BILL COSBY SENTENCED 3 TO 10 YEARS FOR SEXUAL ASSAULT
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MA MA - Valarie Fiorenza, 30, Saugus, 15 April 1993

Discussion in 'Cold Cases' started by aussiegran, Jul 7, 2007.

  1. aussiegran

    aussiegran New Member

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    Our daughter, Valarie Fiorenza, 30, was found dead on April 15, l993, in Saugus, Massachusetts. Her body was found hanging from a floor joist in a basement storage room in the home of her estranged live-in boyfriend, Saugus Police Officer Paul R. Bennett. The Saugus Police Department was the investigating agency and proclaimed the death a suicide even before the autopsy. The newspapers and TV were not contacted, because the police did not want anyone to know that Valarie's body w as found in the home of a police officer.


    http://www.realcrimes.com/Fiorenza/vfiorenza.htm
     
  2. SadieMae

    SadieMae Former Member

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    OMG! I have not heard of a case so screwed up!!! Was there no outside LE agency, like the state troopers, to get involved in this investigation? In Texas, we have the TX Rangers who will investigate wrongdoing with local police. Is Paul Bennett still a cop even now? I can't believe this! To me, all fingers point to him. I think this would be a good case to send to Dr. Baden. I have seen where he has opened cases of questionable deaths, and found autopsy results were wrong. I don't understand the part of statue of limitations. Murder has no such limitation.
    Valerie was beautiful! I can't imagine the heartache, or even greater, the frustration of this. I'm so sorry this happened to your beautiful daughter. Is there anything we WS'ers can do?
     
  3. Bluecat

    Bluecat New Member

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    The problem is knowing who to escalate to and how to get the wheels moving. It's harder when it's not declared a homocide!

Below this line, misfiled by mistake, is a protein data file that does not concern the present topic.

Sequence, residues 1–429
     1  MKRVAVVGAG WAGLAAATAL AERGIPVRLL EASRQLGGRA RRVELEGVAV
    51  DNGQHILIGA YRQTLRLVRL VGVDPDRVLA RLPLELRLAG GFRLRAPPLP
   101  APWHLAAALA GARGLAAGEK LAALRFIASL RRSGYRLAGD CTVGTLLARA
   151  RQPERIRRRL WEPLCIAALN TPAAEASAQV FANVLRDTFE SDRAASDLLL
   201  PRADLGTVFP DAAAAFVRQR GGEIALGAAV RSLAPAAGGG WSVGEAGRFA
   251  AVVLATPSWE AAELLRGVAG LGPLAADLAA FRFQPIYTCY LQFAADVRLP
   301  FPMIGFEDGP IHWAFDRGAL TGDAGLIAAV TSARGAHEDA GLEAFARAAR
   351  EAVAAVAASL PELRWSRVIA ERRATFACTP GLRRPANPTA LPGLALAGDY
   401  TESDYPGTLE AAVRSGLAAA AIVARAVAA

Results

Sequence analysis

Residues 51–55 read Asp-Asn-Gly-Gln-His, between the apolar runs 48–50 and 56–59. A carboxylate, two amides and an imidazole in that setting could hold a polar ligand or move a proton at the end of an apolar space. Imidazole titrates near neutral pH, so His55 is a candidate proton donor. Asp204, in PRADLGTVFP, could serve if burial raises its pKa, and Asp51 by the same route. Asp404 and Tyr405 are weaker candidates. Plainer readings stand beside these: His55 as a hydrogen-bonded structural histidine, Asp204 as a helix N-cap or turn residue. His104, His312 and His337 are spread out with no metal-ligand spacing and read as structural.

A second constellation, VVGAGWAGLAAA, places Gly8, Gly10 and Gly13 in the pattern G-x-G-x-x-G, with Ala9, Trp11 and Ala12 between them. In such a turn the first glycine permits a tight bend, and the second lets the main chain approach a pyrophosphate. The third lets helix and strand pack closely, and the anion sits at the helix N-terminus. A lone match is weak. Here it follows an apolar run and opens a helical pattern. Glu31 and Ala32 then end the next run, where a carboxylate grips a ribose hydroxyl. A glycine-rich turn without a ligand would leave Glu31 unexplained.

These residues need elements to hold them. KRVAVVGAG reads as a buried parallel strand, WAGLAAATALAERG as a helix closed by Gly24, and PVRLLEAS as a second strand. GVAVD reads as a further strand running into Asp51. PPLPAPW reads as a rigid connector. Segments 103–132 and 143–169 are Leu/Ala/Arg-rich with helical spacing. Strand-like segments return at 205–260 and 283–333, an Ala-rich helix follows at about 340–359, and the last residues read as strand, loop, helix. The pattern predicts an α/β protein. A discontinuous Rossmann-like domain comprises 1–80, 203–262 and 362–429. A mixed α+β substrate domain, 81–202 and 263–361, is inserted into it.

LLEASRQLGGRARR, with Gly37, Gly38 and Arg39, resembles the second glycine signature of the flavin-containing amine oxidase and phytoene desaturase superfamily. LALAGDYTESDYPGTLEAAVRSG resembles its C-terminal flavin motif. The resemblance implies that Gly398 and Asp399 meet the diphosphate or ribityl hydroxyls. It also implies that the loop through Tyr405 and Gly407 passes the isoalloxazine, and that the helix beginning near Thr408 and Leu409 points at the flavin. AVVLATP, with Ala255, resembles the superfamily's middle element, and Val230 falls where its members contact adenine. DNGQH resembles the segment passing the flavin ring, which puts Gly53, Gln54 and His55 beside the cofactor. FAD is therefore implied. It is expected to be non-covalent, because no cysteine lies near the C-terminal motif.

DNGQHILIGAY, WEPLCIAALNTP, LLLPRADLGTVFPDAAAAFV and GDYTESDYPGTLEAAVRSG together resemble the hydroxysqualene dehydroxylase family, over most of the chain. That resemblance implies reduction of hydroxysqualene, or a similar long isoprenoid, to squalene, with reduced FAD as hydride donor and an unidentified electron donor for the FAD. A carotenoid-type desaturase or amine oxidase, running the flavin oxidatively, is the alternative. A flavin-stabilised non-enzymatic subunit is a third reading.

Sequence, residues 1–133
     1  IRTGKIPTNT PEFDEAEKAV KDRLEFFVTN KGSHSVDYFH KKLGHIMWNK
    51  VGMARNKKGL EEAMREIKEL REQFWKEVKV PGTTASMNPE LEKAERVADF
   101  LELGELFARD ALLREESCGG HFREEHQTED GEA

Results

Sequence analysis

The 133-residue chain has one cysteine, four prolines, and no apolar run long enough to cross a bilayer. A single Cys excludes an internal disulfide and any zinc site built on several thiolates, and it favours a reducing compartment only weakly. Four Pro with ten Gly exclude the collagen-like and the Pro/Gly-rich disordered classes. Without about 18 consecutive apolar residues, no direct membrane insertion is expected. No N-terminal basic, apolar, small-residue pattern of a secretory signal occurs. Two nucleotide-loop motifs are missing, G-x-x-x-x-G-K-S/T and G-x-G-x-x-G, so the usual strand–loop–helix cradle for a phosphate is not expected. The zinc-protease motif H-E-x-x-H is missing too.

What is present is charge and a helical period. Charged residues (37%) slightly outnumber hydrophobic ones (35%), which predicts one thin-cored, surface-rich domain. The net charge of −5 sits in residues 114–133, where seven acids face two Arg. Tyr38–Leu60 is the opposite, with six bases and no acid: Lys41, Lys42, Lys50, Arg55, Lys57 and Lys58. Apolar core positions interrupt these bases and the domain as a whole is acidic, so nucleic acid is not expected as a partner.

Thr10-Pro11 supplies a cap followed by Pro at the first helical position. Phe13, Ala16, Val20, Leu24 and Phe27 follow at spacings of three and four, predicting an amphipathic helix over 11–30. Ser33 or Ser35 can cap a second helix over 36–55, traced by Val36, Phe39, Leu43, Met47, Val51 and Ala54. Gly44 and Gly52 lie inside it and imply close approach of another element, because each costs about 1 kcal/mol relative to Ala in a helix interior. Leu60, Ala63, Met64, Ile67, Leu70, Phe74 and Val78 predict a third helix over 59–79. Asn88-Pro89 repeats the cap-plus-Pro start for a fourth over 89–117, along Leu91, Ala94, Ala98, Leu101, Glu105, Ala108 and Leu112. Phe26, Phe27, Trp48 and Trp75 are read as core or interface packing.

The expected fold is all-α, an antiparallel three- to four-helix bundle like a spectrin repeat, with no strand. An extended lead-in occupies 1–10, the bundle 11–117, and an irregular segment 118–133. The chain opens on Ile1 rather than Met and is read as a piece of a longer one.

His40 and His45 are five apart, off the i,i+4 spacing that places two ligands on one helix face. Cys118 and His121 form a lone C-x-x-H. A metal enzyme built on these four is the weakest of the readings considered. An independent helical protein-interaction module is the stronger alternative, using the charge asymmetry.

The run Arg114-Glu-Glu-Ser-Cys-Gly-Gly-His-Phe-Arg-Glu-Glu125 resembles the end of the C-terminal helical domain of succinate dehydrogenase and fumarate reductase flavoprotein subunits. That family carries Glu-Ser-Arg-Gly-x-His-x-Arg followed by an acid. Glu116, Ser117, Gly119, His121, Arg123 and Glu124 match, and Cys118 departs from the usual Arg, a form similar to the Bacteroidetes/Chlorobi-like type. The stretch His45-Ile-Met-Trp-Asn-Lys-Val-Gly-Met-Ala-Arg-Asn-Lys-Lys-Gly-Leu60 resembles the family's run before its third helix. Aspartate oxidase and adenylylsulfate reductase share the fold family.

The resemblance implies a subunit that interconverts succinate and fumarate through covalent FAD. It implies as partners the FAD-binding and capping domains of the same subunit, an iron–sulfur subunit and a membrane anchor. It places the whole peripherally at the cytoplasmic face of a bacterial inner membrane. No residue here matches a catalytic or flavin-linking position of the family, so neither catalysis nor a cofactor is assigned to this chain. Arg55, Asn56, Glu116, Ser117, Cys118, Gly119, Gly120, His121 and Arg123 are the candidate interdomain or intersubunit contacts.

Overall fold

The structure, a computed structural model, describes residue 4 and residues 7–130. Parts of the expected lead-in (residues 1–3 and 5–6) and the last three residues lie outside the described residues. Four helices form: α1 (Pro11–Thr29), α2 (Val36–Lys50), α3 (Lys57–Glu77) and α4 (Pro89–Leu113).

4. richandfamous

    richandfamous New Member

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    Wow, cops as husbands or boyfriends aren't looking to good these days are they.
     
  5. Bluecat

    Bluecat New Member

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    Most cops are fine - I know many, and they would pretty much never use force except as necessary on the job (well, OK there is the occasional off the record "warning" to someone who's messing with their family/close friends). I'm not sure that domestic violence is more prevalent in their marriages than in the general populace, but it's even harder for the abused spouse to leave when the abuser is part of the force that is supposed to protect us.

    It doesn't help that it's such a macho job that they generally can't talk about how stressed they are from the job to their family. It's proven many times over that this kind of stress is a primary factor in cases of spousal or child abuse. Police often internalize the stress, which makes it pretty much impossible for there to be a family support network to help take that load off of them. Add in alcohol (another primary factor), and a family history of abuse (yet another primary factor), and you get a really really bad mix, especially since that person is trained in the use of force and is generally armed to the teeth. I think that abusers also tend to find each other and cover up for each other, so add that in and you have additional armed people enabling the abuse. Yikes.

    The key to stopping it is to change police culture. It's touch, but I believe that in the next couple of generations (yes, this will be seriously long-term), this will happen. It helps to have more women on the force, and it will help if the military follows through and sets an example by destigmatizing mental health. Since lots of cops are ex-military, and police departments in general are paramilitary in design, it should rub off eventually.

    //OK, rant over. Seriously, I hope that someday someone is able to fit the pieces together of these cases and bring the perpetrators to justice.
     
  6. SadieMae

    SadieMae Former Member

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    My sister is a cop. On her force, anyone guilty of domestic abuse is fired. They don't put up with it and have a zero tolerance policy.
     

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